Technology – Roadblock to reform?
I know the title of this post will ruffle some feathers, but the research here reviewed raises some important issues based on observation of a tech-enthusiast teacher. While the study classifies as a case-study so is not widely generalizable, the findings that technology hindered student-student discourse and caused more focus on completion of tasks rather than deep processing draw out important implications for how we use technology in our classes. Those of us who enjoy technology must use caution so that our desire to integrate technology does not hinder our other goals for students.
This study problematized the effect of technology integration on the enactment of inquiry in a science classroom. Inquiry-based science instruction has been promoted in some form for over a century, but still teachers struggle to implement inquiry-based teaching. The teacher studied was identified because of their reputation as both an inquiry-based instructor and a technology enthusiast. Data collection methods included non-participant observation, videotaping, semi-structured interviews and critical incident interviews. Data was analyzed by developing descriptive codes of participant views of inquiry and technology, profiles of how inquiry was enacted and how technology was used, and comparison between inquiry divorced from computer technology and inquiry using computer technology.
When technology was used during inquiry activities, the students were more concerned with sharing responsibilities than learning new things. The computer work became a collection of individually sequenced tasks rather than a collaborative effort. “Actually, using technology often meant less student discourse” (p. 172). “There was substantially more talk among group members when technology was not present (49 vs. 28% of the time)” (p. 174). While this teacher clearly sought to engage students in inquiry learning and worked to have students socially constructing their learning, the classroom turned to more individualized work representing traditional school when computers were introduced.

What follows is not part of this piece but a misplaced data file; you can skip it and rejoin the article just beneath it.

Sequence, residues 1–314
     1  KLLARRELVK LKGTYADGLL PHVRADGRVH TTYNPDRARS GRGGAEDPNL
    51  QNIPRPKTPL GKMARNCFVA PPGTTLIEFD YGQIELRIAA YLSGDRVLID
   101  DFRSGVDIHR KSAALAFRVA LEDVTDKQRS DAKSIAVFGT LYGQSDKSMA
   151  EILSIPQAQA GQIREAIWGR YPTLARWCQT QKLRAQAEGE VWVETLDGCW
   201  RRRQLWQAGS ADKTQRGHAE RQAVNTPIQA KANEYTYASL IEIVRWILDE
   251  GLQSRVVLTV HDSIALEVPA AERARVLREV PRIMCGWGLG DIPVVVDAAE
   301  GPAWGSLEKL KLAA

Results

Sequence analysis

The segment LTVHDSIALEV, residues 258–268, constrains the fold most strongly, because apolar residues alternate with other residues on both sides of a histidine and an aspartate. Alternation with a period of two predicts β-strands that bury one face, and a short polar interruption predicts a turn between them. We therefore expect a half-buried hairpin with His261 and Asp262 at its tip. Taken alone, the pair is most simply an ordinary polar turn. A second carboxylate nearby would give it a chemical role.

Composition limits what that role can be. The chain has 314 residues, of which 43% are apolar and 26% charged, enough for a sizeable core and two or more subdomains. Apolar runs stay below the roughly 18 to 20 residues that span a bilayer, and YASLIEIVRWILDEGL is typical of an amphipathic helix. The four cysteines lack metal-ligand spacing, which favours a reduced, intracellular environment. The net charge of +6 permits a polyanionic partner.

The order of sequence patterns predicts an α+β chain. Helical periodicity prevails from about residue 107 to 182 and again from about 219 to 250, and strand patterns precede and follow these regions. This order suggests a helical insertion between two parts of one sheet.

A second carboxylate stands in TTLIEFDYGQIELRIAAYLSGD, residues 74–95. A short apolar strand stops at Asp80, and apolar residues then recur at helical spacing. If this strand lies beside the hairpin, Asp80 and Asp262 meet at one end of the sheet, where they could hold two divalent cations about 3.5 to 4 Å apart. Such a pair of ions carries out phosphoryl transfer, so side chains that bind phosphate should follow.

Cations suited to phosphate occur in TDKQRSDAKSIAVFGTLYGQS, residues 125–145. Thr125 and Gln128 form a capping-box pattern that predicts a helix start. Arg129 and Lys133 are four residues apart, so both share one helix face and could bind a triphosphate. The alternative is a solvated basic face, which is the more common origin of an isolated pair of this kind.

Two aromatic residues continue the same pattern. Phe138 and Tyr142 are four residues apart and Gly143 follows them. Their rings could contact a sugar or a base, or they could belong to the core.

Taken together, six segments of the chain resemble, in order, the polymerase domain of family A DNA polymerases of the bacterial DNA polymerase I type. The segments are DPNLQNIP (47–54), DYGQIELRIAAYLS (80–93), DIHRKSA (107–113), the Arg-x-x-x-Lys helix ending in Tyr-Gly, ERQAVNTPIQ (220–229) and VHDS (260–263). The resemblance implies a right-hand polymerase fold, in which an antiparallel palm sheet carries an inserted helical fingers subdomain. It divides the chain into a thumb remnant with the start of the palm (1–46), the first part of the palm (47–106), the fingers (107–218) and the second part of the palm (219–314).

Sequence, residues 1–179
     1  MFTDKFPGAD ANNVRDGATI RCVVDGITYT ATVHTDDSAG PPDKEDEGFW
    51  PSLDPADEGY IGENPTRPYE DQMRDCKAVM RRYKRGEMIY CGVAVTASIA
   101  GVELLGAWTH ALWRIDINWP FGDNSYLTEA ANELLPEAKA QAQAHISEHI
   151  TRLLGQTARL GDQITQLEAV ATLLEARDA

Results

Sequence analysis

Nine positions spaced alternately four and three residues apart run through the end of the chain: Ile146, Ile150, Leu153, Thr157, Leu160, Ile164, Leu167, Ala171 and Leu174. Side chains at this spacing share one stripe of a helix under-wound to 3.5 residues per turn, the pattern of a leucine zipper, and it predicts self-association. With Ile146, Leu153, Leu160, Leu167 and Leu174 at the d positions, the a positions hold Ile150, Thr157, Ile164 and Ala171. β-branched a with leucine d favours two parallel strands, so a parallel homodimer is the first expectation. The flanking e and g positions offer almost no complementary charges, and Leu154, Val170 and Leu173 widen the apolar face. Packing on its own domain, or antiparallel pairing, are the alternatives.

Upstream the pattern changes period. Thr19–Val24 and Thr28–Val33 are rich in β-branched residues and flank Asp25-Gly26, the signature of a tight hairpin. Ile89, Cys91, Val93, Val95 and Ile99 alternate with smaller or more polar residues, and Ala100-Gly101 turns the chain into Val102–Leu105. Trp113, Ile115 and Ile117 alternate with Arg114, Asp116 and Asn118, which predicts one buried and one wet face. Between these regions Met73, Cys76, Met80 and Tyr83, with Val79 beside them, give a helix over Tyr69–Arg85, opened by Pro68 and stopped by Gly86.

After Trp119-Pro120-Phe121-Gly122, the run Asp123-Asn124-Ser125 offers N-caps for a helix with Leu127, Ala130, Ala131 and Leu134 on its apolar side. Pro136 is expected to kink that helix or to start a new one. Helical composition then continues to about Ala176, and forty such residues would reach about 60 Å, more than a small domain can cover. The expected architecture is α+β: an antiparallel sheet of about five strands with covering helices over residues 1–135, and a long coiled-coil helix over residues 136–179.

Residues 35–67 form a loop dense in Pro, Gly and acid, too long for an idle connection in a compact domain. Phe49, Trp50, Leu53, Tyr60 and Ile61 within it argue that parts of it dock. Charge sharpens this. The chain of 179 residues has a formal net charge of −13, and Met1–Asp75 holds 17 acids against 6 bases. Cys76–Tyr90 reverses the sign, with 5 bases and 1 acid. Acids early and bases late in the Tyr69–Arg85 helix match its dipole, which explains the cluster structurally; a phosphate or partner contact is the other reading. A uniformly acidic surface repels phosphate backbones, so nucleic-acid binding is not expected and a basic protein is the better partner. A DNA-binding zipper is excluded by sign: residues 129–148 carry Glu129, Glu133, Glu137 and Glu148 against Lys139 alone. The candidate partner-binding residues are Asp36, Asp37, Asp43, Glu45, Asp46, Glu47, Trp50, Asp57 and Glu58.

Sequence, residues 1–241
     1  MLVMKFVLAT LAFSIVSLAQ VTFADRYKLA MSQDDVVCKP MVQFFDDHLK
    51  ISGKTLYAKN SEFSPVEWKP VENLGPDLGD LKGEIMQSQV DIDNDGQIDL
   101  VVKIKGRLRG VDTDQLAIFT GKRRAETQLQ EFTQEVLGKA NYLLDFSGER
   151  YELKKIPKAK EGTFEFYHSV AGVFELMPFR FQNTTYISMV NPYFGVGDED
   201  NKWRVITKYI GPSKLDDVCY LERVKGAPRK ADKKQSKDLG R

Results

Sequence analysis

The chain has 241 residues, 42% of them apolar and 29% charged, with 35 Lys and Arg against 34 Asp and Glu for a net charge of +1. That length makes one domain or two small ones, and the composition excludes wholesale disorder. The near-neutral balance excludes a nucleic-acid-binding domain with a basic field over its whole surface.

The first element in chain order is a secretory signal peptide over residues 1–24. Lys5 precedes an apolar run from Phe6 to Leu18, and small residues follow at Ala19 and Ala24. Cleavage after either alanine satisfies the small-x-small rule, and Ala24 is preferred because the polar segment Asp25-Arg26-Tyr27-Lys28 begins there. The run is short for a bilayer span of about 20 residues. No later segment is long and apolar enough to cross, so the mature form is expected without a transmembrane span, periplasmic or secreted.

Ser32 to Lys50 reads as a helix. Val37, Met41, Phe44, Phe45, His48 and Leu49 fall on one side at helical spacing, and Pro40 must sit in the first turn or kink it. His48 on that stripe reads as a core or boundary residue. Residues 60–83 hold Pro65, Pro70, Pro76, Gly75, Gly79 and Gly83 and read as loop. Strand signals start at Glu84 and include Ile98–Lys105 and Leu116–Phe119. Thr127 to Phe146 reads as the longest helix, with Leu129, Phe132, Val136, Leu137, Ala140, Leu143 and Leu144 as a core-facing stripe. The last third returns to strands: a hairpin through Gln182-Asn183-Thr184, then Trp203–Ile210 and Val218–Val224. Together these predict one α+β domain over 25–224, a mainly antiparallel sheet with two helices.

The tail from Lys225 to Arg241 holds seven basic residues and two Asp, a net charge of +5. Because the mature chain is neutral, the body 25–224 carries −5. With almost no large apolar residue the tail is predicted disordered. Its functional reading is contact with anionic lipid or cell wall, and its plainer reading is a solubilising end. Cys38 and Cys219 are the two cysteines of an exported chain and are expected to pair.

While there are many great uses to technology in education, we must realize that technology use does not equate to better teaching or better learning. In this case, the teacher seems to become more traditional when using technology. While, many things might explain this (teacher beliefs, tech savvy, etc), the implications cannot be ignored or swept under the rug as many edutechnocrats would have us do. We must wake up and critically examine the way technology is being forced into classrooms. If introduction of technology takes us steps backward, I would prefer a low tech school.
That said, a more reasoned approach would be to maintain pressure on our thinking about the fundamentals of education. Rather than adopt technology for technology sake, we must critically examine our decisions to use technology. Oftentimes our own blinders of “interest in technology” and “21st century” rhetoric keep hidden the way in which technology use might actually hinder authentic education reform. I will take the substance of deep learning and cultivation of reflective thought in a classroom far before I fall for the flashing lights and whistles. That is not to say technology cannot be leveraged to aid in achieving authentic education reform – we just need to proceed with caution. To many of the edtech elitists want us to march blindly forward toward a Huxley/Postman predicted “end of education”.
Waight, N; Abd-El-Khalick, F. (2007). The Impact of Technology on the Enactment of “Inquiry” in a Technology Enthusiast’s Sixth Grade Science Classroom. Journal of Research in Science Teaching, 44(1), 154-182.